Lunch in Los Angeles is more than just a midday meal — it's a reason for co-workers to gather, for business deals to happen, and for that hot new restaurant to showcase its culinary talents in front of droves of daytime actors, writers, and underemployed creatives.
Miro's Whiskey Room can be found in the restaurant's basement, but don't confuse it with their Basement Bar. While the Basement Bar itself has about 400 to 500 whiskeys, the adjacent Whiskey Room boasts a collection of 200 especially interesting or rare whiskeys. According to Whiskey Room's Ben Scott, these particular spirits were chosen for their taste, rarity or because the staff is simply in love with them and seeks to share them.
Newly opened in DTLA’s Financial District, Miro features a trinity of pasta, charcuterie, and whiskey in a minimalist/mid-century inspired two-level space including a main dining room, wine room, and a lower level Basement Bar as well as a special whiskey room. Chef Gavin Mills’ menu has a strong emphasis around his penchant for charcuterie as well as his intense dedication and unrivaled pasta program coupled with a tasting of some of the most coveted and rare whiskeys in the world. After guests choose an item from the daily changing menu, from the Heritage Breed Pigs that are at the core of the charcuterie program to the hyper-seasonal produce sourced weekly, the thoughtfully curated Whiskey Bible serves as the menu offering for guests in The Whiskey Room.
As the weather cools down, there is no better way to warm back up than with a smooth libation. Luckily for the denizens of Los Angeles, the city has a wealth of outstanding cocktail bars to imbibe and entertain. And right now, there's no better time to sip on stirred, aromatic cocktails like negronis, manhattans, and old fashioneds (though honestly, those are good any time of year).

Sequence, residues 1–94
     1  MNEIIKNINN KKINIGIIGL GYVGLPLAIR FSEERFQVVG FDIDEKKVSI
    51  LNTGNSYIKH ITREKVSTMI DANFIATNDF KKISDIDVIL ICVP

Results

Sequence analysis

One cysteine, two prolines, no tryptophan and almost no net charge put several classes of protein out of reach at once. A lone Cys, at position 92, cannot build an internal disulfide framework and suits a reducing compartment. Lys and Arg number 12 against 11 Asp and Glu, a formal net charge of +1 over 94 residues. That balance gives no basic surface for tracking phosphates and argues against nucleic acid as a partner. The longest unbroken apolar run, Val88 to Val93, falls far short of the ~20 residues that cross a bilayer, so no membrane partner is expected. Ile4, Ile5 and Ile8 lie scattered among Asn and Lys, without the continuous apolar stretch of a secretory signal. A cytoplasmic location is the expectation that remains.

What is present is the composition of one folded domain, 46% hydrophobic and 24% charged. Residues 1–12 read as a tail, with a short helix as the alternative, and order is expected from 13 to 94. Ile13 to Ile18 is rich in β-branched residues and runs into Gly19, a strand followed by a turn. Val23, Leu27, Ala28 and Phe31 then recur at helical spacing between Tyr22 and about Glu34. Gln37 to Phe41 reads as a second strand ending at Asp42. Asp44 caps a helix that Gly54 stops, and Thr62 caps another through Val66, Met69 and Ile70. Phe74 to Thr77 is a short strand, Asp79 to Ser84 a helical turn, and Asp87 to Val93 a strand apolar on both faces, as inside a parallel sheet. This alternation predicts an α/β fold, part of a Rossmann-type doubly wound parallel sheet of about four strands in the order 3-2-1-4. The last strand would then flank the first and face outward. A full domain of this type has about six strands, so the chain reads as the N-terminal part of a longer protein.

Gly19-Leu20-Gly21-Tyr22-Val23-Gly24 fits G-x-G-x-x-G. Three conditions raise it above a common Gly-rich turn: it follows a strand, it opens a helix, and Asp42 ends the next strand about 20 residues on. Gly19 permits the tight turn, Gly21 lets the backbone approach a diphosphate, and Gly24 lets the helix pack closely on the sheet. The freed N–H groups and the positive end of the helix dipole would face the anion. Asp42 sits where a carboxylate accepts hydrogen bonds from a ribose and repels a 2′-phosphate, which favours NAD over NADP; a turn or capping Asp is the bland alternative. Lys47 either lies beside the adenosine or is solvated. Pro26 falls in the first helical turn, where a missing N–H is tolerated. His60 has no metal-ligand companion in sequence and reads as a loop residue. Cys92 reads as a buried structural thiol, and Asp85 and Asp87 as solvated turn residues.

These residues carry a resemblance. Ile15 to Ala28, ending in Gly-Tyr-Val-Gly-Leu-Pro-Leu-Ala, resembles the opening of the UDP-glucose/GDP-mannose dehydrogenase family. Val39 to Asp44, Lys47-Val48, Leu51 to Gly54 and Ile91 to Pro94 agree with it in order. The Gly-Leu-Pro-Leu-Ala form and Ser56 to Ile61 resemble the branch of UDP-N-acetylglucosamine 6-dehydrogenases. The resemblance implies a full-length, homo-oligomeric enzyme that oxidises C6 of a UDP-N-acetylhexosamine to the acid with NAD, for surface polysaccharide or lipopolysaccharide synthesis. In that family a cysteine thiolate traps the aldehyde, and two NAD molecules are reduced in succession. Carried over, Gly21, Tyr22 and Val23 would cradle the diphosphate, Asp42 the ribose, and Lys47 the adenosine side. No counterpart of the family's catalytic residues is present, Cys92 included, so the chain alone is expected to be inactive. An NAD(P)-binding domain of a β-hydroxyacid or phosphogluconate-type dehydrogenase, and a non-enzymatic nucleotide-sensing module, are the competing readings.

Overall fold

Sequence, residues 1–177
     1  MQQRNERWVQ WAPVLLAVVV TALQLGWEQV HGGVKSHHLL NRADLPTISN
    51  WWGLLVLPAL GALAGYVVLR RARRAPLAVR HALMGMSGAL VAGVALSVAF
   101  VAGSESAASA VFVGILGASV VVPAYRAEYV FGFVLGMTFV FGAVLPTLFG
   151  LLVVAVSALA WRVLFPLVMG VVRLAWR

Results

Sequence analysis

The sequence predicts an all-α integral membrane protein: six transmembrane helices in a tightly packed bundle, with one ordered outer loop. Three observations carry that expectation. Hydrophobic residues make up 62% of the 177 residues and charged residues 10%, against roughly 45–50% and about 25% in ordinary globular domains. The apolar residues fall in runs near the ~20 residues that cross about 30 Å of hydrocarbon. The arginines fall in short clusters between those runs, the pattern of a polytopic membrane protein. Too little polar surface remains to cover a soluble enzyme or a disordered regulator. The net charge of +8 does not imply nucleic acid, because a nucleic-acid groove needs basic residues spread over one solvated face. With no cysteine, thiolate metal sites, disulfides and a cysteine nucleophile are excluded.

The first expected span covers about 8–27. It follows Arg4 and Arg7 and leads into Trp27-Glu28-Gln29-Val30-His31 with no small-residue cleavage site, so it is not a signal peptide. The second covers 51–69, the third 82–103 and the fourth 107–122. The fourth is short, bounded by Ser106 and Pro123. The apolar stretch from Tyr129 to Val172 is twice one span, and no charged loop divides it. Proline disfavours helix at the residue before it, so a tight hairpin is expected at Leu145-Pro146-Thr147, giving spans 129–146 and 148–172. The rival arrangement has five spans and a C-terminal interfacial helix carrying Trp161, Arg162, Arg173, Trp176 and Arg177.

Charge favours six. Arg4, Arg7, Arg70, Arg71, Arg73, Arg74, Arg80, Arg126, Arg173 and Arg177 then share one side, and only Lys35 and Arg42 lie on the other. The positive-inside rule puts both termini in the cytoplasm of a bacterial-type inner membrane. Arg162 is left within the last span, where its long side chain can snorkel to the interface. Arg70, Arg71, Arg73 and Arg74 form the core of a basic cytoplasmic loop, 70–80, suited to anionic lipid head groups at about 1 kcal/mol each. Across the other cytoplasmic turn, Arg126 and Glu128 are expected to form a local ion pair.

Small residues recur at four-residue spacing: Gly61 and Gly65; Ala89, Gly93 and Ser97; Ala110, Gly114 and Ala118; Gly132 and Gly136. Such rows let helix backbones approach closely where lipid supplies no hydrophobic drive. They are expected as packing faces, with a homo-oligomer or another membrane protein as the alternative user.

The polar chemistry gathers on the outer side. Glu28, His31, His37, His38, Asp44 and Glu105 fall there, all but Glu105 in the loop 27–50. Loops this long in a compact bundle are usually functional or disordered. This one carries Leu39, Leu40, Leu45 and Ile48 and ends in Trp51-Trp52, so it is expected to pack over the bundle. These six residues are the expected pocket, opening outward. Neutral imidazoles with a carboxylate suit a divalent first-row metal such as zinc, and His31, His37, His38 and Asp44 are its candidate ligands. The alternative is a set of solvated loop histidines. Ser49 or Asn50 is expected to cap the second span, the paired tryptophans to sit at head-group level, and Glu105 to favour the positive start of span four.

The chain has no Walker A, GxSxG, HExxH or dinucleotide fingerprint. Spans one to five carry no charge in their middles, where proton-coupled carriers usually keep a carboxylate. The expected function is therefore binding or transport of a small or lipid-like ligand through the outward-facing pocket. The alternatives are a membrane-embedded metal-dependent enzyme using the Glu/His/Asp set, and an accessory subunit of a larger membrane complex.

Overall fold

DTLA - Miro just opened in April, but it is already making a name for itself. The restaurant in the former Cucina Rustica space in the Financial District offers a pan-Mediterranean menu and specializes in a farm-to-table experience by using ingredients purchased from local farms and farmers markets.
On the outside, miro is sleek and you could even say a bit sexy. Upon walking in, that sleekness gives way to warmth and it’s not just the exceptional use of wood, leather, and granite in the interior design, but it’s also the best way to describe Chef Gavin Mills. Chef Mills’ warm demeanor extends through his booming voice dappled with a lovely British accent but it’s in the way he talks about his team.
Beneath current Downtown favorite Miro, The Basement Bar and Whiskey Room are quietly serving excellent cocktails and some of the world's most rare whiskey. The Basement Bar is a dimly lit dining room, in start contrast to Miro's large, sun-soaked eating space, with leather bar stools and plush booths that lend it an air of vintage mystery. While Miro is an excellent place for your after-work bite or Downtown power lunch, the Basement Bar provides a more cozy setting for your late night cocktails or intimate date. The Whiskey Room, however, is a small shrine for whiskey aficionados and novices alike; decked out with brick walls and leather couches, the room's collection of rare spirits is intended for the true geeks, while the helpful and knowledgeable bar managers will help guide beginners to the right choice.
The charcuterie offerings at Miro change weekly, depending on what Mills and Harsha Parthirana, who does most of the butchering, feel like making. Parthirana happens to be from Sri Lanka, and when he comes back to the States from visiting home, he brings his mother’s curry powder blend with him. You’ll find it in a Sri Lankan-spiced lamb terrine seasoned with cumin, fennel, pepper, cardamom and cloves. And Mills is making one of the best chicken liver pâtés in town. He starts by slow-poaching chicken livers in butter for two hours before adding a wine reduction, some fresh herbs and eggs.
DTLA's miro features two levels, a mid-century design, a dramatic soaring ceiling with a skylight framing city skyscrapers, and a dedicated whiskey room with 400 bottles.